15.5.13

All the things!

Hyperbole and a Half has finally updated, so I guess that means I should too. We've been in the US of A for almost a week now and I'm trying my damnedest  to come out of vacation mode, uh in terms of all the things I keep shoveling into my mouth.
Me: Oh wow, they still make those, I forgot they exist!
Server: So, you'll have one then?
Me: Pft! I'll have two.


On Monday we drove from DC to Columbus with Sebastien's parents, who helped us pack up our storage space back that way. We should each get to be our favorite ninja turtles for the amount of effort and martial awesomeness it required to finish those Herculean endeavors.  It's cheesy to say, but when all four of us were balancing a mattress on our head and walking it towards a truck, I couldn't help but feel like we were making a moment. Dibs on Raphael.
I knew we'd be spending the weekend in the District, so about a month ago I arranged for a really good friend of Sebastien's to be in town as a surprise. I'm typically pretty terrible at keeping this sort of excitement to myself--so I'm proud to say that although every single person who would listen to me knew about it, Sebastien had no idea Jon would be there when we met up with the Georgetown crew for a happy hour last Thursday.
DC is something special. Seb and I walked from L'Enfant Plaza to Tenleytown--crossing the National Mall and stopping for BBQ in Glover Park. The moisture level that day was palpably different from anything we've encountered in Paris thanks to all those beautiful trees and 1800 years of progress in city planing. I had honestly forgotten what fresh cut grass smelled like. One of our our best friends, Brad, not only picked us up from the airport, not only let us crash at his new apartment with his fiance in Maryland,  but actually woke us up on our first day back in the States to a pancake breakfast. A pancake breakfast! With real Vermont Maple syrup.  Honestly, Brad is amazing and we are so happy for him and the woman he chose to share his life with.
Plus, they live near a lake!


Leaving Paris was not an easy task. Putting aside taxis, bag limits and weird rules for mailing books and I still had to not cry when we said goodbye to all the amazing friends we've made. At any given moment from now until I die, I might dream of you, or smile when I think of something you said. If you're reading this, and you know that I'm referring to you, also  know that my door is always open. No matter where I am in the world, I've got at least a couch for you. You're invited. We'd love to host you.

We counted and realized that we had 25 different roommates from 11 separate countries over a two year period. Excepting of course Sebastien, I didn't have a say in a single one who came or went. But we all did our best and made it work. Along the way  I think I really learned what it means to be a good coloc. I was a much messier person before moving in with all of them. I understand now that I'm happier if I just assume people have no idea their behaviors would upset me. This is important for two reasons, reason one--they probably don't have any idea nor any ill intentions, and  Reason two-- even if they do, I can survive it. The sooner I gave up on the small stuff the more time I had for fun with them. Especially at the end. I say end now because it's actually over and that mostly doesn't bother me. But there was a twinge of something earlier today when I needed a few lemons and realized there aren't three fruit vendors on the street below my non-existent balcony anymore. And therein lies the lesson: sometimes life gives you lemons and sometimes they're taken away. But even then, there's usually still sugar.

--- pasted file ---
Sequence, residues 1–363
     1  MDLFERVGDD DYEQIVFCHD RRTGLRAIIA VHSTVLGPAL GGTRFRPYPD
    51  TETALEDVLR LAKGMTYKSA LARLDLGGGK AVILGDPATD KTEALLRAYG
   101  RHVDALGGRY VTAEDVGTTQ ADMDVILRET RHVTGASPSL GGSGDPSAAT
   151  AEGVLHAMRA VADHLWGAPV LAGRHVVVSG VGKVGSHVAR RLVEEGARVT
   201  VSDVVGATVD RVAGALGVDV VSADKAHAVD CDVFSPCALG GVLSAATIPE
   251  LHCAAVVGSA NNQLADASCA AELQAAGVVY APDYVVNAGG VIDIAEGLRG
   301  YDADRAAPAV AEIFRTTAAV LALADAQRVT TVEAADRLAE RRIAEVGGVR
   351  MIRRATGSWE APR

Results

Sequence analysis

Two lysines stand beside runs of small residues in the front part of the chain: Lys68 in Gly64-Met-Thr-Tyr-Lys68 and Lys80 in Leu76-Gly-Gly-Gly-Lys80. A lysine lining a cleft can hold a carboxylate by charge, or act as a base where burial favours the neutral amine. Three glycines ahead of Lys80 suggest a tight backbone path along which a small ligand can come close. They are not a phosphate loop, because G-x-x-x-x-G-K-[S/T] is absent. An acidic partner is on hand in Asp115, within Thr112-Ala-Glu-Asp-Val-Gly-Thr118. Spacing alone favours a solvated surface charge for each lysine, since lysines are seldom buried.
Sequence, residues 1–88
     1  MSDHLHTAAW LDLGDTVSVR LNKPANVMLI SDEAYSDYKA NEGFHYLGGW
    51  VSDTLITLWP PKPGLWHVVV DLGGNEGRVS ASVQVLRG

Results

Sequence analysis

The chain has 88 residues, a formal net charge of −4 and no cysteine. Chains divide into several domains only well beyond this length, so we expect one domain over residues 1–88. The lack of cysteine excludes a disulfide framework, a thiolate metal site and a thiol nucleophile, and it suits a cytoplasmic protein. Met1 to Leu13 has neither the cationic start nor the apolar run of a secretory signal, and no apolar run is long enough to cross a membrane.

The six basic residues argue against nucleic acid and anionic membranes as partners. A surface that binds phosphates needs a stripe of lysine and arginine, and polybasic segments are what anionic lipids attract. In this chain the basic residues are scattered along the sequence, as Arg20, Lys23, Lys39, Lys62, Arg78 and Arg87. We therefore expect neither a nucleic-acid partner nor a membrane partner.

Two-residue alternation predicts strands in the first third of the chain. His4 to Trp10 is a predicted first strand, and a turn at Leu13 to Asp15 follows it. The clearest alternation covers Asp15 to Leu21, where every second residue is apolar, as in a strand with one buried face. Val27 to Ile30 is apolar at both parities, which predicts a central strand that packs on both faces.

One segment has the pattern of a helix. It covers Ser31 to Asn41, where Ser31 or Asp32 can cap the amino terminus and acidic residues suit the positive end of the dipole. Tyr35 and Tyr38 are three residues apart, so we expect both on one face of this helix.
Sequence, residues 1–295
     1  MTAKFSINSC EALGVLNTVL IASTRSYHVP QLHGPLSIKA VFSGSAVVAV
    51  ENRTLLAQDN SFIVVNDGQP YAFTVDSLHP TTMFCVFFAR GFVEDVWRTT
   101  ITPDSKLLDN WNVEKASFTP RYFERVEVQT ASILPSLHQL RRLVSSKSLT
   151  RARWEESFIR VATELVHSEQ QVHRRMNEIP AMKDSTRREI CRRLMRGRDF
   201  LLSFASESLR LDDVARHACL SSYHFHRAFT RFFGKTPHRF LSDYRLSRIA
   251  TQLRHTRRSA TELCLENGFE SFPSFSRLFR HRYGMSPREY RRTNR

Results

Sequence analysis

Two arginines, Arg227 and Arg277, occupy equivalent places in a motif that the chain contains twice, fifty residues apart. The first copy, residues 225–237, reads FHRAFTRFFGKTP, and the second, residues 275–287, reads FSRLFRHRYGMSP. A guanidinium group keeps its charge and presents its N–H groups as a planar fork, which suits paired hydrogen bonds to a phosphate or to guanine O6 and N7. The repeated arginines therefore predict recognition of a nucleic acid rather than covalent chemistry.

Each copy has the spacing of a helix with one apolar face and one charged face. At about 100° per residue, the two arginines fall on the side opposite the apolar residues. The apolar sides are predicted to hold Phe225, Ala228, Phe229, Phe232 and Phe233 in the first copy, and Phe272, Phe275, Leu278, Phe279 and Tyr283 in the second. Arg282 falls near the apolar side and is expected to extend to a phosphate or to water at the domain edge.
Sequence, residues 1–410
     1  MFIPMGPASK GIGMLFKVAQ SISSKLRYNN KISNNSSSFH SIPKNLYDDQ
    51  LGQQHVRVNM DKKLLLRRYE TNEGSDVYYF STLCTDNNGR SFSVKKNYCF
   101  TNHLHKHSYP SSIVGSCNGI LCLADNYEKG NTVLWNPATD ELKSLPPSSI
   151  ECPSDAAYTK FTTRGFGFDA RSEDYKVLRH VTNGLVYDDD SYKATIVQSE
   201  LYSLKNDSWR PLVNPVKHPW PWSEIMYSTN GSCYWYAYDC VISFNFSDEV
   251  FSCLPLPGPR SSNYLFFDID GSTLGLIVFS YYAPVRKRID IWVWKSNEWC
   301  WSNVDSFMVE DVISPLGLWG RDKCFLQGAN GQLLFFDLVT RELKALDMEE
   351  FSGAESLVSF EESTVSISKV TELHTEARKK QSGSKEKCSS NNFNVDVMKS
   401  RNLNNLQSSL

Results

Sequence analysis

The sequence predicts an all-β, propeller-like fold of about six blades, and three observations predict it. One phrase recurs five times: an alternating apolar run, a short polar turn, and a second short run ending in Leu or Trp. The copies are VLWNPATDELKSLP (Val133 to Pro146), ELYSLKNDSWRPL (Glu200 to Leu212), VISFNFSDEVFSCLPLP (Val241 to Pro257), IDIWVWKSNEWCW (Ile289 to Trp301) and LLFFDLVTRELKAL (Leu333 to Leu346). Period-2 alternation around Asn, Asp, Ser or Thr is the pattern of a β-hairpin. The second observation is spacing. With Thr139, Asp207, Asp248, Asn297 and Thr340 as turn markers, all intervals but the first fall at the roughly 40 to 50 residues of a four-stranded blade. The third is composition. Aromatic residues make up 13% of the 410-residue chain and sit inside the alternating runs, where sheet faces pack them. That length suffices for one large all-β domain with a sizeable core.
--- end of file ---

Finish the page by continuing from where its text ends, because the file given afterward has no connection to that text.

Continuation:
Merci, Jack le Black

The Paris gang thew us an amazing party where they gifted us with an Eiffel tower covered in little notes and well wishes. Sebastien felt the need to wear it on his head because of reasons. I would be sadder about leaving all of their awesomeness behind if this was a different epoch where people wrote with feathers and got around by horse or boat. In such a world it would be easy to imagine I'd never see these good folks ever again. But those restraints have gone the way of the dodo, and the Myspace.

We flew Iceland Air. Since we were only able to spend a limited amount of time in Reykjavík, I made sure to watch two films in the native language.
The first film was actually mislabeled as Sumarlandið which had the word elf several times in the synopsis but was actually the film, Brúðguminn about a middle age philosophy professor who thinks he might be marrying someone to justify his affair with her. The second film, Rokland was about an angry blogger who is sure that what Northern Iceland really needs is more German philosophy and less Coca-Cola
It's hard not to agree with both of them in principle.

The next few days we'll probably spend going through boxes and figuring out which items are worth buying plastic crates for and which would be better off on the curb. Much to my chagrin, I didn't leave our pizza roller for our flatmates. But in other news I've decided to get rid of a lot of vintage tee shirts. Primarily because I rarely wear them, but mostly because there are cool kids all over Columbus who will call every Melissa in lumpyspace.

I plan on posting more regularly and listening to the Eye of the Tiger a lot in my head because I'm ready for the month of June like Little Mac was ready for Tyson. Actually, his song was better. Yeah, I'll be humming that.
Onward!

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